Financial journalist made Ottawa his home
By Joanne Chianello, Ottawa Citizen staff writer – Published on March 25, 1996
A pioneer of financial journalism in Canada and a pillar of the Ottawa community died of pneumonia early Saturday morning at Mount Sinai in Toronto. Paul Deacon was 73. The newspaper world will remember an urbane, strong-willed reporter who became one of the first investing editors at The Financial Post in 1952, working his way up to editor in 1964 and publisher in 1968, holding the two posts simultaneously until 1977. Deacon fought for more open and more frequent corporate disclosure when many firms barely reported their sales figures.
“He carried on the tradition of exposing the dark side of business and the stock market,” said Neville Nankivell, Ottawa columnist for The Financial Post and former publisher. “Paul really crusaded on behalf of the small, individual shareholders,”
Deacon, a self-effacing philanthropist, and his ballet-aficionado wife Adelle, gave 15 years of time and money to countless organizations including the Ottawa Ballet, various hospitals and the Elmwood School, a private girls’ school that his youngest daughter, Jennifer, attended in the 1980s. Before the Deacons moved back to Toronto last year under pressure from their children and six grandchildren, they set up a $500,000-trust fund with their own money, the interest distributed every year to various local charities. They just established a similar fund in Toronto.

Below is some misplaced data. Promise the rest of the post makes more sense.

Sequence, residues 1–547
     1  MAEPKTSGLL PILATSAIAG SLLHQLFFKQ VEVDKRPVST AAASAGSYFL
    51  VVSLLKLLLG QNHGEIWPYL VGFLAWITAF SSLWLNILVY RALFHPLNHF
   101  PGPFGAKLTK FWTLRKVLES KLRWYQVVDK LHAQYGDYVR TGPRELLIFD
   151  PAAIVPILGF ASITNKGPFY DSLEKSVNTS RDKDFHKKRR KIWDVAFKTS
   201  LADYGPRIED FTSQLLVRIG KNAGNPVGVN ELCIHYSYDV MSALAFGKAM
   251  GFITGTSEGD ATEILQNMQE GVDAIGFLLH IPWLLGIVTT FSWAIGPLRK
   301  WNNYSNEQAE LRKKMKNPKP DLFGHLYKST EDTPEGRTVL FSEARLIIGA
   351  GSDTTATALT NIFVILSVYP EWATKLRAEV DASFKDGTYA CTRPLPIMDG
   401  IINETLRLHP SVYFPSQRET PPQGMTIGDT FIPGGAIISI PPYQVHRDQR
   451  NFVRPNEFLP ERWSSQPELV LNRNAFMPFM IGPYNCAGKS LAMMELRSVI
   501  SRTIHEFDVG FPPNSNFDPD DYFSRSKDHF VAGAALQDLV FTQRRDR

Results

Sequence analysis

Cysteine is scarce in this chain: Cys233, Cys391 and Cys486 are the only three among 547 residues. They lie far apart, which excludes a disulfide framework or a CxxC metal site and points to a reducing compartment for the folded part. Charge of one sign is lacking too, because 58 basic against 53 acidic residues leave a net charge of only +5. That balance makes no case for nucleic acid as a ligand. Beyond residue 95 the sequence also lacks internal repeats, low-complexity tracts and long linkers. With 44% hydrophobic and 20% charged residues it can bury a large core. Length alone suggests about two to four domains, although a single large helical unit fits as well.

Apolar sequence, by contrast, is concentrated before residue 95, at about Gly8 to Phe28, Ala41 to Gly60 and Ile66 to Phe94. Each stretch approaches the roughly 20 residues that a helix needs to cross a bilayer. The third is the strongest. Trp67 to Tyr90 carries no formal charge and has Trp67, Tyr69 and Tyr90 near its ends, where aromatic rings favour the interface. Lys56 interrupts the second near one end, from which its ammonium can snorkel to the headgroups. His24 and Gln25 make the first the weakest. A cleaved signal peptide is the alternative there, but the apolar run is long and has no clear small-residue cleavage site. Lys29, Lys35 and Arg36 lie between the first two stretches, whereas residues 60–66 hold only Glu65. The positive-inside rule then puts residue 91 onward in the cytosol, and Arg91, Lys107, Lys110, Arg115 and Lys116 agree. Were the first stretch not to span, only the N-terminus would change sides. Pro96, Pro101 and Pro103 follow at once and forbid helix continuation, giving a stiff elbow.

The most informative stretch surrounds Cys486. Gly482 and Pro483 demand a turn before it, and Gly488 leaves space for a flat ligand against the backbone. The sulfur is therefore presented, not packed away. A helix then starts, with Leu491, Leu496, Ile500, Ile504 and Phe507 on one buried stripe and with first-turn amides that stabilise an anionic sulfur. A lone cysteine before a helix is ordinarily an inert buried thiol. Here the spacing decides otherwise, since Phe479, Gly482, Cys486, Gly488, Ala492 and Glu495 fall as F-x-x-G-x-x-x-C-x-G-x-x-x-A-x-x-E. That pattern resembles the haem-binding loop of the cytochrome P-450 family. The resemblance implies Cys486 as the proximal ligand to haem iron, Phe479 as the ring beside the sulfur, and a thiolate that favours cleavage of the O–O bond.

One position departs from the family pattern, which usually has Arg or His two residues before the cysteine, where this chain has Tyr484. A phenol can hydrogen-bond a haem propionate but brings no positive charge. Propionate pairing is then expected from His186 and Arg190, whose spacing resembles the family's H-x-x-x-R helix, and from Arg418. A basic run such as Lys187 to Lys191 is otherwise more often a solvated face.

“He made such a difference while he was here,” said Barbara McInnes, a personal friend and executive director of the Community Foundation of Ottawa-Carleton, which manages the Deacons’ charitable trust, “I feel quite devastated.”
Deacon came to Ottawa in the early 1980s to keep an eye on Maclean Hunter Ltd.’s business interests on Parliament Hill. He would fly his own plane to visit family and friends in Toronto, a passion he picked up in the Royal Canadian Air Force during the Second World war.
From the moment Paul and Adelle arrived, they considered Ottawa their home, said James Deacon, one of five children: “He was an extremely modest man. He would be mortified to know we were making such a fuss.”
But the many who knew him recall Deacon with great fondness.
Deacon saved the Michener Foundation, a fund that awards $20,000 Fellowships to senior journalists, said Clark Davey, president of the foundation, and former Citizen publisher. Deacon, president of the foundation, 1983-91, raised money for the journalism fund, a subject dear to his heart. Davey said he also gave “quite a bit of money himself.”
Of all his causes, ballet was probably most dear to him. He was president of the National Ballet of Canada, 1975-78. Paul Deacon was named president of the Michener Award Foundation in 1983. In recognition of his dedication and contribution to the journalism award-giving organization, the Foundation renamed its annual fellowship – The Michener-Deacon Fellowship. On Tuesday, March 26, 1996 Senator Richard J. Doyle paid tribute to Paul Deacon in the Canadian Senate.